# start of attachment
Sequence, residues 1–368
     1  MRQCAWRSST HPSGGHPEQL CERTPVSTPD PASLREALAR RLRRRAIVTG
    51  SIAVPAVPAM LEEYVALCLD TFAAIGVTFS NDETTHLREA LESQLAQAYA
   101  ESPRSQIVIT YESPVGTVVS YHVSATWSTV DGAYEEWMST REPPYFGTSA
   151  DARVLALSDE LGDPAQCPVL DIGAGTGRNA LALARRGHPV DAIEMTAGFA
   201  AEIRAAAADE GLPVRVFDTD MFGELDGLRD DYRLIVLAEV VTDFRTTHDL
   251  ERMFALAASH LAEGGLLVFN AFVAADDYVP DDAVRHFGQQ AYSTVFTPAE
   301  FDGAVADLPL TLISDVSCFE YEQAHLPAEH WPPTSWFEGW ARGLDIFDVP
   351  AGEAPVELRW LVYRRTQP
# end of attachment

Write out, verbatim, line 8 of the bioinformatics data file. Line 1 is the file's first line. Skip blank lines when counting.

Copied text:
   301  FDGAVADLPL TLISDVSCFE YEQAHLPAEH WPPTSWFEGW ARGLDIFDVP